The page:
High-quality child care produces a stimulating, secure and loving atmosphere for the little one.

Focusing on children's wellbeing and ecological exposures in child care centers is Essential for several reasons: Since they display exploratory behaviors that put them in direct contact with contaminated surfaces, they're more likely to be vulnerable to some contaminants found. They're also less developed immunologically, physiologically, and neurologically and are more prone to the negative effects of toxins and chemicals. Children spend a whole lot of time in child care settings. Many babies and young children spend as many as 50 hours each week, in child care.

Nationally, 13 million children, or 65 percent of U.S. kids, spend some part of the afternoon in child care and at California alone, roughly 1.1 million children five decades or younger attend child care. In this exact same condition, many adults might also be subjected as roughly 146,000 employees work 40 hours or more a week child care centers. Child care environments include substances which may be harmful for kids. Recent studies suggest that lots of child care environments might contain pesticides, allergens, volatile organic compounds from cleaning agents and sanitizers, and other contaminants which may be toxic to children's wellbeing.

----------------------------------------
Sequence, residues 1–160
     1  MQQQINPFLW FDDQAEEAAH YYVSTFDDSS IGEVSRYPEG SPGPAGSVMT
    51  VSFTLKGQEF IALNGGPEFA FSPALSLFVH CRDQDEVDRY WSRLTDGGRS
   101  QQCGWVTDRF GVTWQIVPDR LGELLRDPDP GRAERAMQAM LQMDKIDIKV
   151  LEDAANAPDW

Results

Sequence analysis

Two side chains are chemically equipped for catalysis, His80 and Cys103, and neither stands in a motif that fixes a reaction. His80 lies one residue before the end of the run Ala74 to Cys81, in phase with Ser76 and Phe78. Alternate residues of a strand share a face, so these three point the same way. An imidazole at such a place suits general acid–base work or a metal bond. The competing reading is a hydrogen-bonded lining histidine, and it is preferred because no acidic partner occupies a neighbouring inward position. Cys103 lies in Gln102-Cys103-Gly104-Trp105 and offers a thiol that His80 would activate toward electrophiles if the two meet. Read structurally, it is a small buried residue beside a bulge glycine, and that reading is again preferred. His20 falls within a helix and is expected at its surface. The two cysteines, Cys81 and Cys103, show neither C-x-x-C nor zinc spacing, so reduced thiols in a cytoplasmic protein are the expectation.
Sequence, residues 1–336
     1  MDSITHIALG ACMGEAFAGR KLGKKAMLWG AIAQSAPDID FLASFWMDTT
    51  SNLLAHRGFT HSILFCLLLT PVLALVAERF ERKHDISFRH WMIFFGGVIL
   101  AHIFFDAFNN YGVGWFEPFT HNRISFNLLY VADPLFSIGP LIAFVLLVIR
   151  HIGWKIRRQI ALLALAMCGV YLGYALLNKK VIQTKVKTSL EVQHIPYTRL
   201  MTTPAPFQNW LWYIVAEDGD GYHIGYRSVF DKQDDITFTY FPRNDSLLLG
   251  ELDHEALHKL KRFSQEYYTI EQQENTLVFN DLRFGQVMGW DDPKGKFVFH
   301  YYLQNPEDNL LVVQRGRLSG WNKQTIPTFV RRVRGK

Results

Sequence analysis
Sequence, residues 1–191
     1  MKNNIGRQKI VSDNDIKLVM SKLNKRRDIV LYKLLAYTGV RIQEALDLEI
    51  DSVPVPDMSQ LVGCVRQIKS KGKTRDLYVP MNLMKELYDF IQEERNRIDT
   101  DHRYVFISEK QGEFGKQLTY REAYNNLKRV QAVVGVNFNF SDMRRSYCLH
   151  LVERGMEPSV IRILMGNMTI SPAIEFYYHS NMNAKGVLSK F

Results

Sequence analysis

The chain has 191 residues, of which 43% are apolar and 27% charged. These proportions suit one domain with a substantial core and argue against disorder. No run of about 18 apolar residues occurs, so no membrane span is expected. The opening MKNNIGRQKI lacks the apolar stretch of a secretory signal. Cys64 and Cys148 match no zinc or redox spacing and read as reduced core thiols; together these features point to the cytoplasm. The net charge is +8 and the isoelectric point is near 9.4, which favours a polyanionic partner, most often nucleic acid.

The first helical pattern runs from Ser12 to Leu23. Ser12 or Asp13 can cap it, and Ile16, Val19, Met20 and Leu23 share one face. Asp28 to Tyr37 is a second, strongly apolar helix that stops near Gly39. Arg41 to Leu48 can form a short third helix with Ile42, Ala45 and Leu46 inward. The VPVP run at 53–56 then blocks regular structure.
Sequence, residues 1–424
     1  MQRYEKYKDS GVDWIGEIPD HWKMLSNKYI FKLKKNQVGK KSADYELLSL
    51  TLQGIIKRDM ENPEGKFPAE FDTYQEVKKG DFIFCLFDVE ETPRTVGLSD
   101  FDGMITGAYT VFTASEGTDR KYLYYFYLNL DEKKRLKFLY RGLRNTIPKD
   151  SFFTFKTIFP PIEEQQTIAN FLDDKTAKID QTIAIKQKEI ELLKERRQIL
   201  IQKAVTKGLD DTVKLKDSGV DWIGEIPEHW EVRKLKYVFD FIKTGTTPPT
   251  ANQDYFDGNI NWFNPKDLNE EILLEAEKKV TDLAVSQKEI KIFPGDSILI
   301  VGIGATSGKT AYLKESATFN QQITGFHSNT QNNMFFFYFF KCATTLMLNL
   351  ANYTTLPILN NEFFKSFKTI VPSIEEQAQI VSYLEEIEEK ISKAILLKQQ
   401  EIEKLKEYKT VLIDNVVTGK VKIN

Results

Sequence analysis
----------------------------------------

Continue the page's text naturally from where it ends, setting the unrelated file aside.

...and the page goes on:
Nevertheless, little is understood about what environmental and chemical exposures they might be getting in these configurations. To fill this gap, we quantified. Outcomes of the study were reported on the California Air Resources Board. Our findings help inform policies to lower accidents to children, encourage training and workshops to educate child care providers about methods to lower children's environmental exposures (ex. Using integrated pest management to decrease pesticide usage ), and search for future research.

Washing Your Baby’s Clothes
Washing Your Baby’s Clothes
Washing Your Baby’s Clothes – How to do it Rightly
Washing Dishes
Washing Dishes
Cleaning up after oneself is an important life skill
Make a Bed
Make a Bed
It might be a dying art, but learning how to make a bed is a valuable skill.
Sweep a Floor
Sweep a Floor
Give a kid a broom, and you are likely to see dirt flipping everywhere except in a pile.
Mop a Floor
Mop a Floor